Don't wave that finger at me young Hedgehog
There was a moment when I realised just how much of an icon Sonic is to non-gamers who haven't experienced his early games. It was while I was sat playing Sonic 4 Episode 1 only to find my wife (normally the least avid gamer in the house) peering over my shoulder and saying ‘ooh, Sonic’ before snatching the iPhone away for a quick go.
So with such an iconic character, the pressure mounted for Sega to come up with something that befits the classic status of our blue spikey hero, something better than the 3D iterations or recent iPhone ports of the old 2D games suggest. I’m pleased to say that they may just have cracked it.
It’s a mixed pleasure, though. The Sonic of old feels as if it has returned in part, from the iconic menu with finger waving smugness of Mr Hedgehog to the almost-retro but somehow new background music that plays throughout the game. But this comes packaged with a few new elements that don’t always sit easy with the classic feel.
Playing through the first level these aren’t immediately noticeable. It feels suitably Sonic; fast paced, ring collecting sonic spin style fun. But hang on a minute, what’s this? Pressing jump while in the air leads to some sort of homing attack, a feature borrowed from the more recent Sonic 3D games. Purists may scream, but in all honesty it fits the game and you may even start to wonder why Sega didn’t think of it earlier.
Later levels add in vines and slower stages, both of which detract from the speed and fluidity of the game. These are minor annoyances though. It’s not long before you hit your first boss level, the classic Eggman ship with the dangling wrecking ball, only this time the ball sails clean over his head in a death arc that makes it a whole lot tricker to hit the rotund villain. Not to worry, though, homing attacks were made for this and the level is soon over and done with.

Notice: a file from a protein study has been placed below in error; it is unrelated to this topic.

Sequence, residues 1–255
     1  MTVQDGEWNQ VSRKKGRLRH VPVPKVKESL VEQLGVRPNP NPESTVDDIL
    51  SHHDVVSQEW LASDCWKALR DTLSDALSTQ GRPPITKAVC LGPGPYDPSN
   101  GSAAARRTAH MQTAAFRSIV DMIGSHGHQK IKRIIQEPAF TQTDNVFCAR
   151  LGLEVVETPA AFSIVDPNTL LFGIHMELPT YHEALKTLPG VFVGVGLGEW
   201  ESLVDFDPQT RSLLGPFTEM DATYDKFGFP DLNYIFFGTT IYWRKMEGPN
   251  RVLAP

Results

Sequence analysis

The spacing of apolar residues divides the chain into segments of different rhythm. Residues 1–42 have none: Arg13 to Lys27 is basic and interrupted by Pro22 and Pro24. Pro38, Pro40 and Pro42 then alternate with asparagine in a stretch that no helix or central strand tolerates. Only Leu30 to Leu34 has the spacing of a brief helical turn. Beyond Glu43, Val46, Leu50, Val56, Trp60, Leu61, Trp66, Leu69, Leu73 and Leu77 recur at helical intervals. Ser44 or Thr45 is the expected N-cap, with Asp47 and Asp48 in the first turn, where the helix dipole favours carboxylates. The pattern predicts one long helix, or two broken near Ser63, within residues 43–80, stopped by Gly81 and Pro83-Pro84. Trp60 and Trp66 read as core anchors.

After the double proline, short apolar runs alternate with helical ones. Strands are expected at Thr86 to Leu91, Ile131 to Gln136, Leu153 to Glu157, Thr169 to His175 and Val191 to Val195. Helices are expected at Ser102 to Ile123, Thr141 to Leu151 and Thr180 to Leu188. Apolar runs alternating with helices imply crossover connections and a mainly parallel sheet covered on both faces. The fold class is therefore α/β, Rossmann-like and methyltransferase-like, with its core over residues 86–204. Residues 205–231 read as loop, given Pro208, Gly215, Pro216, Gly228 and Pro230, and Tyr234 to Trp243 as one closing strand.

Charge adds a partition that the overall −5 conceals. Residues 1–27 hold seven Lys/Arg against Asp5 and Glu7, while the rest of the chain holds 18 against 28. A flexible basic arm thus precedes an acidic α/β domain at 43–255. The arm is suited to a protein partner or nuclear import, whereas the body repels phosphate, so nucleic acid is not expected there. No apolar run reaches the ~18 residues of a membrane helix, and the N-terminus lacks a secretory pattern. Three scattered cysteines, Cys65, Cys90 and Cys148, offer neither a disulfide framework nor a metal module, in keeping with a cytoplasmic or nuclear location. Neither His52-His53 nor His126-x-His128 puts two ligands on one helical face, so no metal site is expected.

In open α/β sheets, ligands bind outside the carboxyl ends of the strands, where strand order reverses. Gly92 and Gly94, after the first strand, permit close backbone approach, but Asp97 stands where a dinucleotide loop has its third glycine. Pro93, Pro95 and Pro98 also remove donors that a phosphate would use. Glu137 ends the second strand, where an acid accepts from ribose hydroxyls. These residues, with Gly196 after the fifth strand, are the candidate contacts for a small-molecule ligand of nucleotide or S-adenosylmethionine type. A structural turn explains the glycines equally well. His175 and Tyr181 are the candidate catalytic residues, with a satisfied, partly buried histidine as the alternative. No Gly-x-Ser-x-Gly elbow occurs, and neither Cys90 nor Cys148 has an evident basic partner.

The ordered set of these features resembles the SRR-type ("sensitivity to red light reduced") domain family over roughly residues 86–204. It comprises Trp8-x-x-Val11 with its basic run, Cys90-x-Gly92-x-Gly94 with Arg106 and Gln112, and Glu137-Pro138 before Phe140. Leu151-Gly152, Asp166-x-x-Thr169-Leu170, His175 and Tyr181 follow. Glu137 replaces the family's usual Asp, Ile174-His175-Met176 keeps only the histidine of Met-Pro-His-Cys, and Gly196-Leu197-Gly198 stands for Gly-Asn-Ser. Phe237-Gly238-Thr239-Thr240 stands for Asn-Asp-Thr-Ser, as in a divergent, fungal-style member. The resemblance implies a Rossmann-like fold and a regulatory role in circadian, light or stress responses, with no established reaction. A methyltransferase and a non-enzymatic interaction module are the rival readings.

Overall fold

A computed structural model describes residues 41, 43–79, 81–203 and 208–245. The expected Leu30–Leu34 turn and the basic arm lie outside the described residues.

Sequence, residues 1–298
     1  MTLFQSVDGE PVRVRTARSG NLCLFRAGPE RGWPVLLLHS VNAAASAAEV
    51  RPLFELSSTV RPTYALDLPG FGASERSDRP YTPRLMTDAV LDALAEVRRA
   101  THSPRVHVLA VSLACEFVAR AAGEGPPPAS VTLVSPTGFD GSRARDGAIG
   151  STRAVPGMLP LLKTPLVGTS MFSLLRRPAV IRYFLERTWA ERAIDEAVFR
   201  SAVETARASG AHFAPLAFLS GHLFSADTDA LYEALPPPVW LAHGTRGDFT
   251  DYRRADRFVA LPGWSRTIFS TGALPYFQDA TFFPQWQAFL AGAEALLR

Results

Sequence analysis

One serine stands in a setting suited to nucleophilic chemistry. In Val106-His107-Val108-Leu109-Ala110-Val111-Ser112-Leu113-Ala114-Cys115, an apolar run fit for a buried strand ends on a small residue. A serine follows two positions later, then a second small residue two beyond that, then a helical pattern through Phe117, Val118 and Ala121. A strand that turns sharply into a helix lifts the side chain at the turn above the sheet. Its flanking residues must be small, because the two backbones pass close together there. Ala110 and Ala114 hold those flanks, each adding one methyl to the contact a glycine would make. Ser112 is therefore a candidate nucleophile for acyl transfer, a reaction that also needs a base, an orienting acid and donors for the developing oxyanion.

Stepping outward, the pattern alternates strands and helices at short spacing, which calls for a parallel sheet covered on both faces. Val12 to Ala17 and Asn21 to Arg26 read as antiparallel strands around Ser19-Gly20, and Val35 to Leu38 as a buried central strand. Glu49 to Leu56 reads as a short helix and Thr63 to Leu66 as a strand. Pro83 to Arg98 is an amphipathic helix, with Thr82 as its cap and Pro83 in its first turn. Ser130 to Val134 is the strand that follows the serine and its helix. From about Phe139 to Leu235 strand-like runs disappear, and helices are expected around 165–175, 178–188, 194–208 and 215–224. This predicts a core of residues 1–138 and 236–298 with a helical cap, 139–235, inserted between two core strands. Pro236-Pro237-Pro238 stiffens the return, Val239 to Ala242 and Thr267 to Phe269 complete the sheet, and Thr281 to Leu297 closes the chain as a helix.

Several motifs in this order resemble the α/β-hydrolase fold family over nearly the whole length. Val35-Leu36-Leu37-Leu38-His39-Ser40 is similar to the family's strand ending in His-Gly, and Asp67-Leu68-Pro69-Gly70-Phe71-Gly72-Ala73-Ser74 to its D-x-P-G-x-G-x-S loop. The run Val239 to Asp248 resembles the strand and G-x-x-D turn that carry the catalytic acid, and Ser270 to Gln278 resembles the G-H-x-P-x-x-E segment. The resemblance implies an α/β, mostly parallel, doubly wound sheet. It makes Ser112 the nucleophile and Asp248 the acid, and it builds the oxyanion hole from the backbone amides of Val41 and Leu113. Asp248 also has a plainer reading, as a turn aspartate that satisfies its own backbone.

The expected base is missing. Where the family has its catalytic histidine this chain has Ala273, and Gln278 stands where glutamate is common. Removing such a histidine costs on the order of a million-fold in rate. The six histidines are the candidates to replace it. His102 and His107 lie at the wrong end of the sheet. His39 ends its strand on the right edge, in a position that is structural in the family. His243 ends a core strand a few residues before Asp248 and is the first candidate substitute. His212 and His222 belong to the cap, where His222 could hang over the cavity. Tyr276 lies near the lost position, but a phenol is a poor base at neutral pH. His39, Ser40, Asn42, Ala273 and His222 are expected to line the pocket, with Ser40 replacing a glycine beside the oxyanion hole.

The casino makes a welcome return, all flashing lights and bumper bars. I have a soft spot for these stages and they actually feel more at home on the iPhone than they did on any Sega machine all those years ago. The issue is that this makes the slow sections in the other stages all the more obvious. Sonic wasn’t meant to wait for platforms to come around or stop to judge a gap, it’s all about the speed.
Newly added mine carts help to alleviate any lingering disappointment for the odd slow down, though, as do chaos emerald collecting bonus rounds, tilting the screen to fall through the maze towards a shiny emerald feels like a perfect match. Controls, too, have been refined from the earlier ports of Sonic games to provide something as near to perfect as you’re likely to get with virtual D-pads. Only the puzzling inability to get going at any great speed when you’ve stopped (or have been stopped by one of the many enemies or obstacles) stands in the way of heralding the controls a complete success.
Despite a lack of retina display support for iPhone 4 and new iPod Touch the graphics are sharp and pleasing, both true to their past heritage and feeling modern enough to challenge their peers on the platform. Sound is both camped in the gloriously chip music style and yet slightly odd in that it’s trying to be something its not, again lifting effects from more modern Sonics as well as those of old.
Sonic 4 Episode 1 is a strange combination of new and old, some of it works and some doesn’t but as a package it still comes together as a more than decent Sonic game that will delight both old fans and newcomers.
- Sound: 7
- Graphics: 8
- Gameplay: 8
- Longevity: 8
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